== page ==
Wednesday, December 30, 2009

Autism Events of 2009 - The Good, the Sad and the Ugly

As we turn towards 2010 these are AutismRealityNB's autism events of the year:

The Good 

Public authorities begin to acknowledge the extent of the autism crisis and the role of environmental factors.

1) In an historical development  IACC director Dr. Tom Insel acknowledged that environmental factors are a component of autism. 

2) The 
CDC estimated that between about 1 in 80 and 1 in 240, with an average of 1 in 110, children in the United States have an Autism Spectrum Disorder.

3) The CDC estimated that   29.3 to 51.2% of children with Autism Spectrum Disorders  also had an Intellectual Disability.  (That estimate itself misleads by including Aspergers with Autistic Disorder in estimating ID prevalence "on the spectrum"). The percentage of persons wih Autistic Disorder and  Intellectual Disability is approximately 75-80%. 

The Sad

4) Autistic Children continue to wander from their homes, some to perish as did young James Delorey of Nova Scotia. The autistic Nova Scotia boy left his home  prior to the onset of a bad winter storm.  Although he survived the storm initially, he suffered extreme hypothermia and died shortly there after. 

The Ugly 

5)  US President Barack Obama nominated to a national disability council a young University student with Aspergers Disorder who has held conflicting and ambiguous views on whether autism disorders are disabilities, has opposed curing autism and has organized protests of  events held to raise funds to benefit autistic children including funds for autism research. 

6) The Mainstream Media fawned over the anti-autism cure University student with Aspergers, and promoted his agenda, while failing to note that the protests he organized drew only a handful of protestors and that some other persons with Autism Spectrum Disorders disagreed with his anti-cure positions. The same mainstream media failed to note that families  trying to cure their own autistic children, many of whom are much more severely affect by Autistic Disorder and Intellectual Disability than  the anti-cure University student with Aspergers, are trying to help their children live the fullest, most rewarding lives possible.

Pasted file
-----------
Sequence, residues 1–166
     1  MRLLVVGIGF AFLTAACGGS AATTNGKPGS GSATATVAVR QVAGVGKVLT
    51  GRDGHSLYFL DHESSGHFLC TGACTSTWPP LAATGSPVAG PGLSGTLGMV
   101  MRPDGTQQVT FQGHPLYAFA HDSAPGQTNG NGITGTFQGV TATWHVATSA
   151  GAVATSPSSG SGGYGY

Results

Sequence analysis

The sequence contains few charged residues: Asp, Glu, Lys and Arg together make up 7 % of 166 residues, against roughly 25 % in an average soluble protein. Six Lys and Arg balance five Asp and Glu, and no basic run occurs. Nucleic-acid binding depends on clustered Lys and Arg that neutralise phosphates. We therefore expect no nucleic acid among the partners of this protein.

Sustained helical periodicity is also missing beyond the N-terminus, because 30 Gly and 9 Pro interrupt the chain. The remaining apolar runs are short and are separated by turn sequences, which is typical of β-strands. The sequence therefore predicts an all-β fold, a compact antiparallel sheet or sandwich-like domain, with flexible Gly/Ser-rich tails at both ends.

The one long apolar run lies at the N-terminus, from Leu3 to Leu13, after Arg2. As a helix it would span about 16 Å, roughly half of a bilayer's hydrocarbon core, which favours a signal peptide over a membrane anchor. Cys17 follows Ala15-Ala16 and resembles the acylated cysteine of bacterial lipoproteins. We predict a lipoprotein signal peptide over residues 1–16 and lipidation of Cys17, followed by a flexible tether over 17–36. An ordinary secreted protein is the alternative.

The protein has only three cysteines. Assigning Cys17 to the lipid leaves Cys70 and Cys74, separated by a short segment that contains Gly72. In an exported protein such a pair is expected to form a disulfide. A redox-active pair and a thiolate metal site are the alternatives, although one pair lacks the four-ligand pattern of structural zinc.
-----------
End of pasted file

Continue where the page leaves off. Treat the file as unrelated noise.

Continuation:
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farmwifetwo said...

"are trying to help their children live the fullest, most rewarding lives possible."

Every day... including a promised trip to McD's for lunch today and sledding later this afternoon in the back yard. Have the perfect kid hill where the yard slopes to the field behind us... and just barely enough snow....

Just b/c I want more out of life for him... doesn't mean we're ignoring living.

Jean Nicol said...

I am glad our exchange on Twitter today brought me to your blog. Sadly I cannot stay here as long as I would like to, but I will come back. We may not always agree but I have no doubt I will always learn something. I think we would likely agree on a lot though! I have learned over the last 26 years since my first experience with autism and my obsession since, that there will always be something to learn about autism and I better be open to any possibility of that happening. Thank you for bringing me here. Good luck in all your endeavors. Conor is very lucky indeed to have you as an advocate and you are indeed very lucky to have Conor for a son.